George Laws Garcia, Executive Director of the Puerto Rico Statehood Council, had a conversation with Jeremiah Johnson this week

“Every single time. more voters have supported statehood,” Laws Garcia reported. “Support for statehood has grown.”

Johnson pointed out that the options included on the different ballots made the plebiscites confusing. They’re not directly comparable because they haven’t offered the same choices each time.

None of the Above: The Strange History of Puerto Rico’s Status Votes

“What you have is growth in the statehood movement,” Laws Garcia responded, but he also pointed out that people have been “voting for statehood with their feet.” Having  come to a state or talked with family members who have, people become aware of the benefits of statehood and come to support that option.

The sheer numbers of people leaving the Island proves that something is very wrong with territory status. “If current territory status were wonderful,” he said, “people would be staying. In fact, people would be flocking to Puerto Rico.”

What have been the impacts of the territorial status?

Johnson asked this.

Laws Garcia pointed out that access to healthcare is much better in the states than in Puerto Rico. Doctors are being recruited to hospitals stateside. “Our infrastructure is less developed,” he said, “because we get unequal treatment there.”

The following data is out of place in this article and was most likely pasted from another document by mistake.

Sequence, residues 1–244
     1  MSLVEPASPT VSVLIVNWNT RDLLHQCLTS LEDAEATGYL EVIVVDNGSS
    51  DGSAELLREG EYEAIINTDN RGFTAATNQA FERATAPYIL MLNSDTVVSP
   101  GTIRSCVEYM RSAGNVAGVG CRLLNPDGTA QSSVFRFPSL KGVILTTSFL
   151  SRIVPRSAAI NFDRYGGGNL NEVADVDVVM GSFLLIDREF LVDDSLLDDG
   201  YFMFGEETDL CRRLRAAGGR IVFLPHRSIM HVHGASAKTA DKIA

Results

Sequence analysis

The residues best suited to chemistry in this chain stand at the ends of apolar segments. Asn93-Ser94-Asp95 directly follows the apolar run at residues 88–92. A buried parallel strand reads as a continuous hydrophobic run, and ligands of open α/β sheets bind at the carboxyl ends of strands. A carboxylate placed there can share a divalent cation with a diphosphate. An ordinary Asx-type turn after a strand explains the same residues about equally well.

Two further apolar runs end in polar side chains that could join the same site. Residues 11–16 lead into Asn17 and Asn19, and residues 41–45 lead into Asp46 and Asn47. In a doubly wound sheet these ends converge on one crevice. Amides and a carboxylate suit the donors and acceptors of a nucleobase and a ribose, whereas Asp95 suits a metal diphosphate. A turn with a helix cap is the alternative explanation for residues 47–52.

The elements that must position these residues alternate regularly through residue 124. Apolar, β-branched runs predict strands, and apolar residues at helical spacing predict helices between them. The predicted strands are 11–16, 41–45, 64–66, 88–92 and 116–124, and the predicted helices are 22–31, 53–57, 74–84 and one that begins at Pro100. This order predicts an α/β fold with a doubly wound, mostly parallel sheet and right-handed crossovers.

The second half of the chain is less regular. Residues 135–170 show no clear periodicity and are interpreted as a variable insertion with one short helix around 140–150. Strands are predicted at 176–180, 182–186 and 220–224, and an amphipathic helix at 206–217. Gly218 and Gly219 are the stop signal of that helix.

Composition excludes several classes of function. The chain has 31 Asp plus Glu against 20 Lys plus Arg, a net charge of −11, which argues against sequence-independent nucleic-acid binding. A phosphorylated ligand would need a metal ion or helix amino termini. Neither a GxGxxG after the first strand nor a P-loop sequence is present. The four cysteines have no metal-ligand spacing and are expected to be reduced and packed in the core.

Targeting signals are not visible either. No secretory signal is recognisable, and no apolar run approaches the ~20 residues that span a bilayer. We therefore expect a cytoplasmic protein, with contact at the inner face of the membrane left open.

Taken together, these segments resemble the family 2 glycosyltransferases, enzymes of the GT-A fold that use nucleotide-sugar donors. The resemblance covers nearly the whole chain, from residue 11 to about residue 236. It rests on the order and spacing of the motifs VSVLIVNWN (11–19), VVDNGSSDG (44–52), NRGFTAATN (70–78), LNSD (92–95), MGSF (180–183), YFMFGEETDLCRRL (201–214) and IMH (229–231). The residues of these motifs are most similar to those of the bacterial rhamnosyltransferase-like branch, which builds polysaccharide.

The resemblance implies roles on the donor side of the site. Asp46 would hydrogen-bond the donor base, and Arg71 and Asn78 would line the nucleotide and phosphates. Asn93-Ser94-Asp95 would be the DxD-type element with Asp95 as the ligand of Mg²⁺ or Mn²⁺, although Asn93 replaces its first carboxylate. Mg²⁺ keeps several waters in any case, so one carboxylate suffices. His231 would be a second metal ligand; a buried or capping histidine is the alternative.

Puerto Ricans who are elderly or disabled get less funding in their Social Security checks, even though they pay into the system equally. “We get less nutritional assistance in Puerto Rico,” Laws Garcia Conti need.

“All of that leads to a cumulative underinvestment in the economy in Puerto Rico that frankly limits the capacity for the jurisdiction to compete on an equal playing field with the states and fully develop itself.”

Jeremiah pointed out that Puerto Rico is much better off economically than other Caribbean islands. “Their GDP is much much higher than any of those peer nations,” he said, “but if you think of it in comparison with the states, it’s at or near the bottom.”

“That’s right,” said Laws Garcia, “We are a territory of the United States.” As a territory with limited sovereignty, Puerto Rico has no say in choosing the president and little say in the legislature. Even locally, the unelected PROMESA board can overturn laws passed by the local government.This makes it difficult for Puerto Rico to fulfill its promise economically.

Would being a state be good for the economy?

Johnson wondered whether Puerto Rico would benefit from statehood beyond equal federal funding.

Laws Garcia pointed out that territories like Puerto Rico — and the 37 current states that used to be territories, when they’re territories — are underperforming. Without legislators speaking up for the territory, economic insecurity creates a disincentive for investment.

Each state that was a territory saw enormous economic growth after statehood. Laws Garcia pointed out that Puerto Rico could expect to see the same change.

With equal investment from the federal government unleashing economic growth, plus the increased certainty for investors brought by equal political power, Puerto Rico could expect significant economic improvement. “Statehood would vastly improve the standard of living,” Laws Garcia said.

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